Health and Wellbeing in Sport in Times of COVID

Session Summary

The COVID-19 Pandemic has impacted the physical and mental health and wellbeing of billions of people worldwide, athletes and those working in and around sport are no exception. With a radically disrupted sporting calendar in 2020, many athletes were unable to compete for extremely long periods, and those able to compete in elite sports have been subject to unfamiliar constraints such as quarantines, testing and empty stadiums.

For athletes and particularly those participating in team sports such as Hannah Wilkinson, the isolation and restriction to train with other teammates was particularly damaging. COVID and lockdowns were comparable to sustaining an injury.  However, with an injury there is a usually a defined period of time that athletes cannot play, whereas this has not been the case with the pandemic. Uncertainty about the length and course of the pandemic undoubtedly affects the physical ability to maintain form, but the psychological state is the most difficult to retain.

Many athletes have now spoken up about mental health. When discussing athlete health, this is no longer limited to physical health, but also recognised as encompassing mental health. There has been a push by UNI Global Union along with other global union federations to have this recognised as one of the ILO’s fundamental labour conventions.  This would be significant as it would enhance obligations on governments to ensure these standards are protected for workers.

Mental health has also been considered for construction workers linked to sport. The Supreme Committee for Delivery and Legacy Qatar 2022 undertook a mental health campaign for workers, focusing on stress, depression and anxiety.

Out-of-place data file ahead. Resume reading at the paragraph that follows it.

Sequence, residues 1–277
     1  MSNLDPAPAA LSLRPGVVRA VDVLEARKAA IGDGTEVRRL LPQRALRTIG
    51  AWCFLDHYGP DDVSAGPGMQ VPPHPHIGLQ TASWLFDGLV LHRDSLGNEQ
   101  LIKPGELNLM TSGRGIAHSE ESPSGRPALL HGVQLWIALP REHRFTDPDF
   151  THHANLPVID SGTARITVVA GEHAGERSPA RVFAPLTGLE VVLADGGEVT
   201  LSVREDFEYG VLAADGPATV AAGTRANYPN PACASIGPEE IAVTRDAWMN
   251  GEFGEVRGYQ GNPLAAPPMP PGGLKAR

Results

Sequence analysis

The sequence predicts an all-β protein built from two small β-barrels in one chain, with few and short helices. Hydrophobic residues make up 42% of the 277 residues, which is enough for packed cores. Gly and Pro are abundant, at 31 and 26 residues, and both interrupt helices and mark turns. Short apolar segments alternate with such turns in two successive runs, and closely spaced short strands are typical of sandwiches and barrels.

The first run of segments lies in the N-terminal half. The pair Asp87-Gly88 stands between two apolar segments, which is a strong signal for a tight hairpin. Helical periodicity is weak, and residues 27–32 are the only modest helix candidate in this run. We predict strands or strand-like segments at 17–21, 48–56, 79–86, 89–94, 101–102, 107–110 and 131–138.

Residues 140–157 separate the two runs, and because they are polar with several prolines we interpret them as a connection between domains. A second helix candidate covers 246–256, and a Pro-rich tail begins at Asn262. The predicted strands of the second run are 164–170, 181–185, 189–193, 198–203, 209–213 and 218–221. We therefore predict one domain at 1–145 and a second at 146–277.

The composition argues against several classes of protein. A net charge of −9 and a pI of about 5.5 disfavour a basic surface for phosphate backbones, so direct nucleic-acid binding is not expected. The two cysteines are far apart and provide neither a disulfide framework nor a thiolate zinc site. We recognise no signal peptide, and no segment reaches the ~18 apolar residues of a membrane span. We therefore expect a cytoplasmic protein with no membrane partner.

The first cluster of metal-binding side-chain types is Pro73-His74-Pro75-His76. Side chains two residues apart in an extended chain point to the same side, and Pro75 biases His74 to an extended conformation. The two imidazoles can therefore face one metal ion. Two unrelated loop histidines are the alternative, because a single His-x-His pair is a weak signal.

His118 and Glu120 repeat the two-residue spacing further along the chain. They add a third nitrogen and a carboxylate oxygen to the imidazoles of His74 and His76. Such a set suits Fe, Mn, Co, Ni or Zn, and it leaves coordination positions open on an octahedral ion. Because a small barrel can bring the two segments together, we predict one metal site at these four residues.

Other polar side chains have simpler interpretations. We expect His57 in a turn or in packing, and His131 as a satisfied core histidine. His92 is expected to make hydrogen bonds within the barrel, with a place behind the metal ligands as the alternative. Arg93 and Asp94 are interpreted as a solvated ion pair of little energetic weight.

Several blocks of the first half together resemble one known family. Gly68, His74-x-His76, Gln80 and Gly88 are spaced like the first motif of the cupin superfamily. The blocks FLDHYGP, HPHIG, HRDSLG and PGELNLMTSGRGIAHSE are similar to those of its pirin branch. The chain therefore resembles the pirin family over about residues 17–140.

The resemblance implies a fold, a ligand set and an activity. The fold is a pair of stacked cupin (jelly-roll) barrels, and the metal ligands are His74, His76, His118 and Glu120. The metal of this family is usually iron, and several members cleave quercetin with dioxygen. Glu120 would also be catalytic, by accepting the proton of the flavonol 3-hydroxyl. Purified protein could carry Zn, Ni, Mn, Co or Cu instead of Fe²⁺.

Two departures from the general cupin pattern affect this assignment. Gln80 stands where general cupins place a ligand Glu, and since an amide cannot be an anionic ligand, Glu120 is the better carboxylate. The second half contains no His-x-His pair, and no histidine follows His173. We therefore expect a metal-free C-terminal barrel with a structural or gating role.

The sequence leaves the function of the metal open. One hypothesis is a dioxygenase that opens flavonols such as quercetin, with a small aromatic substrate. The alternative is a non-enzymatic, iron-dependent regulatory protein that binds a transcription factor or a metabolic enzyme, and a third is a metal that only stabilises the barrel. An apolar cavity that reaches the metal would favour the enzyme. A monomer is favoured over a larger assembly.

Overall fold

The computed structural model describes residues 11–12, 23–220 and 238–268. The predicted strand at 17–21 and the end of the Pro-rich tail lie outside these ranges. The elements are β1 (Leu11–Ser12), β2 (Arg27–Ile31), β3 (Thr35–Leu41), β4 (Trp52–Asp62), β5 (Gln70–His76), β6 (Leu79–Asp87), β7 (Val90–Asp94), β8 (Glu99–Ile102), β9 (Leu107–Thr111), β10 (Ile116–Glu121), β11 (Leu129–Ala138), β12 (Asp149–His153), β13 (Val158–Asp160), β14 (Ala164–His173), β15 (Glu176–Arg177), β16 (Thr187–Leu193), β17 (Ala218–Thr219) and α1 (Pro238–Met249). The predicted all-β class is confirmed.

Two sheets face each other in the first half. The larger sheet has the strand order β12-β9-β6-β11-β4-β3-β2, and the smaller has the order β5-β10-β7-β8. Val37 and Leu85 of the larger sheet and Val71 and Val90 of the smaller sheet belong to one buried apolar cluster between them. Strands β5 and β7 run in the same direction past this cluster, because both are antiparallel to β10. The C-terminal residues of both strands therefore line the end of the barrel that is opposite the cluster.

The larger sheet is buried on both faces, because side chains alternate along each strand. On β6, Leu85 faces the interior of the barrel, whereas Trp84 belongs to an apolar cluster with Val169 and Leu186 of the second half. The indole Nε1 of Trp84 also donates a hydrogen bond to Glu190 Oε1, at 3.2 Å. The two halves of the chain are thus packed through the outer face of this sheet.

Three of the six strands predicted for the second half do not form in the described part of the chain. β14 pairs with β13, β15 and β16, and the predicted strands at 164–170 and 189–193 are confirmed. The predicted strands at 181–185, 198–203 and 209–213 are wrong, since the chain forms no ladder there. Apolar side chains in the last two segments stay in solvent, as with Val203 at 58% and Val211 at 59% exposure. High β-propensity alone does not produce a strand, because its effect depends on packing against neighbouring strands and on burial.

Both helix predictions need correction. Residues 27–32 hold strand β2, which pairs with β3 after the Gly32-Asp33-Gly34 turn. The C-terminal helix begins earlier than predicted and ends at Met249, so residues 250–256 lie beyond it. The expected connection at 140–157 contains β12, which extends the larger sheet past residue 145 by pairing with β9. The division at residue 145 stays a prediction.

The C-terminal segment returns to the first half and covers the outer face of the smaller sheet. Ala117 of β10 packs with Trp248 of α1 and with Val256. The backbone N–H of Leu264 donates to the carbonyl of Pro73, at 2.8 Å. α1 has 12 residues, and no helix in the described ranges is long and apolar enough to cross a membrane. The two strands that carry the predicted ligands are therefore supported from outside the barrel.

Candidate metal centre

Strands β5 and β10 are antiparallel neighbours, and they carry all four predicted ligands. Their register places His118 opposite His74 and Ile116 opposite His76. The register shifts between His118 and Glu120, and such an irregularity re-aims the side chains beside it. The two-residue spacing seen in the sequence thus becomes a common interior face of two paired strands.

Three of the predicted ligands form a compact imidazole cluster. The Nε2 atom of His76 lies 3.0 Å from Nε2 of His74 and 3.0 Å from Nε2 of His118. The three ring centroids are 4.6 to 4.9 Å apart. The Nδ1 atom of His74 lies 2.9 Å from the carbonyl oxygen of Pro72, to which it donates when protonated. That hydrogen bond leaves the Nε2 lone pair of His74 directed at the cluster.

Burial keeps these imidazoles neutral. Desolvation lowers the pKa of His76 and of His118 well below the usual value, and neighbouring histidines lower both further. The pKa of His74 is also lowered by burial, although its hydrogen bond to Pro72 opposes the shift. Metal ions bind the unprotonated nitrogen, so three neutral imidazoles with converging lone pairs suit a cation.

COVID set back some of the progress for gender equality. When the pandemic hit, while men’s sport was largely prioritised

Economic effects - many athletes suddenly were not getting paid and it exacerbated widespread problems. According to Matt Graham, 45% of EU athletes affiliates had cases where players contracts had been unlawfully terminated or unilaterally changed. UNI Global and the World Players’ Association supported return to safe work and play for athletes and convened a number of exchanges with affiliates to support negotiations.

Health impacts for construction workers must be considered to ensure proper implementation of safety guidelines, with action needing to be prioritised on four critical areas: risk assessments; maintaining close communication with workers, (including grievance platforms such as Workers Welfare Forums); welfare inspections; and isolation measures. There is a need for a focus on risk assessments, and strong communication with stakeholders from the outset.

As the pandemic continues to impact daily lives, there is a need to consistently review the measures used to ensure that they are responding to the relevant prevailing challenges.